Written documents suggest there were probably few, if any, street trees planted in the colonial capital. Surviving accounts by eighteenth-century visitors contain comments about the sandy, dusty streets that were here at that time (see below). Other comments refer to the ability to see Williamsburg from a great distance, and of the city being situated upon an “open plain.”
This evidence, however, does not indicate that no large trees existed in the city. Some trees would have probably been left to grow in the town’s ravines, and a 1782 map of Williamsburg drawn by an unknown Frenchman indicates trees equally spaced along the Palace Green. However, most trees found in eighteenth-century Williamsburg were most likely small fruit trees grown in back lots and orchards.
Accounts of the early Williamsburg landscape:
“. . . There is one handsome street in it [Williamsburg], just a mile in length, where the view is terminated by a commanding object each way. . . . is very disagreeable to walk in, especially in summer, when the rays of the sun are intensely hot, and not a little increased by the reflection of the white sand, wherein every step is almost above the shoe, and where there is no shade or shelter to walk under, unless you carry an umbrella. . .” John F. D. Smyth – 1770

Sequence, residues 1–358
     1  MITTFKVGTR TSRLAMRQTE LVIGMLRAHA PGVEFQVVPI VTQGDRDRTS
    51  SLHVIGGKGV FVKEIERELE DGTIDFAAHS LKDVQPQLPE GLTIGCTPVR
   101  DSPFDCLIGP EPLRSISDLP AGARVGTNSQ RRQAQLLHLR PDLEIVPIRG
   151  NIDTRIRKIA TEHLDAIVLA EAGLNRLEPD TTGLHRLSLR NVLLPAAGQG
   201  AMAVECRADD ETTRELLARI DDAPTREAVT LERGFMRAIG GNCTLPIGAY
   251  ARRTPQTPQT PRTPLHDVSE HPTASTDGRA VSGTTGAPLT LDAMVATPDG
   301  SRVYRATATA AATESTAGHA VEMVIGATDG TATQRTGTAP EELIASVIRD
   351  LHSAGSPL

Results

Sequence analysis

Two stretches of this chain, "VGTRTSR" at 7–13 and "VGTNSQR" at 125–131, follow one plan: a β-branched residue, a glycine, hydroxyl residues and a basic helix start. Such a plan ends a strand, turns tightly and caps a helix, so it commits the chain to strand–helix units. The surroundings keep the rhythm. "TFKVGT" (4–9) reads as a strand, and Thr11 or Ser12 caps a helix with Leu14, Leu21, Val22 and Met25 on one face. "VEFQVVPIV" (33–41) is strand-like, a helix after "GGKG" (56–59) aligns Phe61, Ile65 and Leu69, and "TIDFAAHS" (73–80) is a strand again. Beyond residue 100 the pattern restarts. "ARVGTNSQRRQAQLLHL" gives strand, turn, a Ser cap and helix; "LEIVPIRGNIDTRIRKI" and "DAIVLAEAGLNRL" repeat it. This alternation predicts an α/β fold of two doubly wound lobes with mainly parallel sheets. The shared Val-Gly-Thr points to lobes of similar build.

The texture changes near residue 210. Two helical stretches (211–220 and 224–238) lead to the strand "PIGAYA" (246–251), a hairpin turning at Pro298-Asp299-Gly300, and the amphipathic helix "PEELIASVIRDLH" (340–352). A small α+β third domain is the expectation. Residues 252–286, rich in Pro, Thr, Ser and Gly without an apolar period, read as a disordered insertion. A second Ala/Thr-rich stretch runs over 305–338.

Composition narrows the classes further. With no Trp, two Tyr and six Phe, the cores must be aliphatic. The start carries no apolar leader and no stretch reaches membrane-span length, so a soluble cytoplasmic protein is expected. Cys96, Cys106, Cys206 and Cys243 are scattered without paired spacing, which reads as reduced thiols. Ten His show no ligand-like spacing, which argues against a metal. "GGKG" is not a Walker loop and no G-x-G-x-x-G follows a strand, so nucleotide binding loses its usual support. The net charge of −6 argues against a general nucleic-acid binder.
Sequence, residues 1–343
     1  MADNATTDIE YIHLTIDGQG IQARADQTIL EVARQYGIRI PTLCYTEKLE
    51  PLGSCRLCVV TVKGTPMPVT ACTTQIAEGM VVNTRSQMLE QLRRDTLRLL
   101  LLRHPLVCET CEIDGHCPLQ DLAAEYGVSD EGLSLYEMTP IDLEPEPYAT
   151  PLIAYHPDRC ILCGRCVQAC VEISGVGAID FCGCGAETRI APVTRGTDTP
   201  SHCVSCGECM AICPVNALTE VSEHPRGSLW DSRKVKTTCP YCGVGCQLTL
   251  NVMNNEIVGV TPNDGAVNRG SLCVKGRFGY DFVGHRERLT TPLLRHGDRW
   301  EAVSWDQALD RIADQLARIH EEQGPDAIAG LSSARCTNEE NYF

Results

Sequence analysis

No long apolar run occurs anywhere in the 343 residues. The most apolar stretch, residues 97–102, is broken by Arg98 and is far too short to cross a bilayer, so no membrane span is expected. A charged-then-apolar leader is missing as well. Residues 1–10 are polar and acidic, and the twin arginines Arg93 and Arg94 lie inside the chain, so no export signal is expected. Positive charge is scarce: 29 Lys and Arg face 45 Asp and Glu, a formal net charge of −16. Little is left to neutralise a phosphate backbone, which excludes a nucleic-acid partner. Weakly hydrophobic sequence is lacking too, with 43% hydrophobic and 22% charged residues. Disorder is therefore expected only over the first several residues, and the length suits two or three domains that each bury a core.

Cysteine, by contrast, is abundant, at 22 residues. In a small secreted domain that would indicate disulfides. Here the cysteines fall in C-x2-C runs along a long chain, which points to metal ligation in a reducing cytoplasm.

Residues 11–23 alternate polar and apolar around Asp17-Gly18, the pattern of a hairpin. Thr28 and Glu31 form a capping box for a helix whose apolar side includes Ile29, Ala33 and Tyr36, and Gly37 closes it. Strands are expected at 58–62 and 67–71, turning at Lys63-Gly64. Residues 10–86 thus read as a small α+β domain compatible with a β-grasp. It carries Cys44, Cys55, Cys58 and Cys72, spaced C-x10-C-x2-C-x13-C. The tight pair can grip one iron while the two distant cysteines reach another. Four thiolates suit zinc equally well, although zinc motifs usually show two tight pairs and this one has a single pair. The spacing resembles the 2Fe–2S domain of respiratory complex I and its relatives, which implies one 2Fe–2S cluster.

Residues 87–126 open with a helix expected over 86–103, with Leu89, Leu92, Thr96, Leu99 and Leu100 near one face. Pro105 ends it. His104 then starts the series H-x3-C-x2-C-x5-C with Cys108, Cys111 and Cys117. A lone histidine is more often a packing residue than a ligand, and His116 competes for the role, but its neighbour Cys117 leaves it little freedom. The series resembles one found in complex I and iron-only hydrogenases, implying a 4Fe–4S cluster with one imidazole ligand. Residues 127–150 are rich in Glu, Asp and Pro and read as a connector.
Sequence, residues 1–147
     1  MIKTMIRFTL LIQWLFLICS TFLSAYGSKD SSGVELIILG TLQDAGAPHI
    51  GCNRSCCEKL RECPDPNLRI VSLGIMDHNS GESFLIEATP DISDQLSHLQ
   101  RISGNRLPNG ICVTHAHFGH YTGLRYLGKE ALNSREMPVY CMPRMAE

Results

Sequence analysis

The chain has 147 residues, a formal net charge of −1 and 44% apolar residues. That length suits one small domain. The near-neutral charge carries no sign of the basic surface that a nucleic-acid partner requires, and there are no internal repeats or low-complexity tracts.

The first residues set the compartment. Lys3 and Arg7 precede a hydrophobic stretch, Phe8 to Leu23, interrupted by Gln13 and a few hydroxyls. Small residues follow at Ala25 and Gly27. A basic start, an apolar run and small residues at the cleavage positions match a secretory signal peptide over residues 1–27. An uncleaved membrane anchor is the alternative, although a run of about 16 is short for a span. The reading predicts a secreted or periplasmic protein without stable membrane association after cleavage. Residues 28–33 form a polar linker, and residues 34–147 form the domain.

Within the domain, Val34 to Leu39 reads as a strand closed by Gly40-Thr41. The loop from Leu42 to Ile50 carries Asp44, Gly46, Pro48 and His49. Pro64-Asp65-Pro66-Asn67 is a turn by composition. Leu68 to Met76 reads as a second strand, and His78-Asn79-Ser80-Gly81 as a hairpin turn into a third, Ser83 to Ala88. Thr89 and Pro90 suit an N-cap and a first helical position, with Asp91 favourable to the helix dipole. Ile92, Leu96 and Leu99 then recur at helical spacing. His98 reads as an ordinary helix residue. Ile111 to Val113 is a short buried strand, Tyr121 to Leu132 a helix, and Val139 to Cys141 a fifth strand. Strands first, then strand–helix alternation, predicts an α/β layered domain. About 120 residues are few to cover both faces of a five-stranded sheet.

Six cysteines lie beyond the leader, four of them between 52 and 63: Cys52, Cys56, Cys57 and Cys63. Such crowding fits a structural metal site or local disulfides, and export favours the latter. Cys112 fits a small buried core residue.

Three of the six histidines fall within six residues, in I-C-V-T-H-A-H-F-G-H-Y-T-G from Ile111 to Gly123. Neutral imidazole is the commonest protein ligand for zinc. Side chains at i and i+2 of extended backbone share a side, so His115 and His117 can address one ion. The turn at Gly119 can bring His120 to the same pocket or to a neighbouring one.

“22 Oct. . . . A short account of Williamsburg: This city consists of approximately 300 houses, and is fairly built up for a mile in length. The city lies upon an agreeable open plain. While it is not, it is true, so very large, one may nevertheless count it among the most beautiful cities of America.” Johann Conrad Doehla – 1781
“. . . .The place [Williamsburg] lies in a pleasant, open plain, and even from a distance commends itself to the traveller by a particularly cheerful and stately appearance, and the impression is confirmed on entering the town. One may count this among the handsomer towns of America, even if not among the larger, the number of houses being only about 230.” Johann David Schoepf – 1783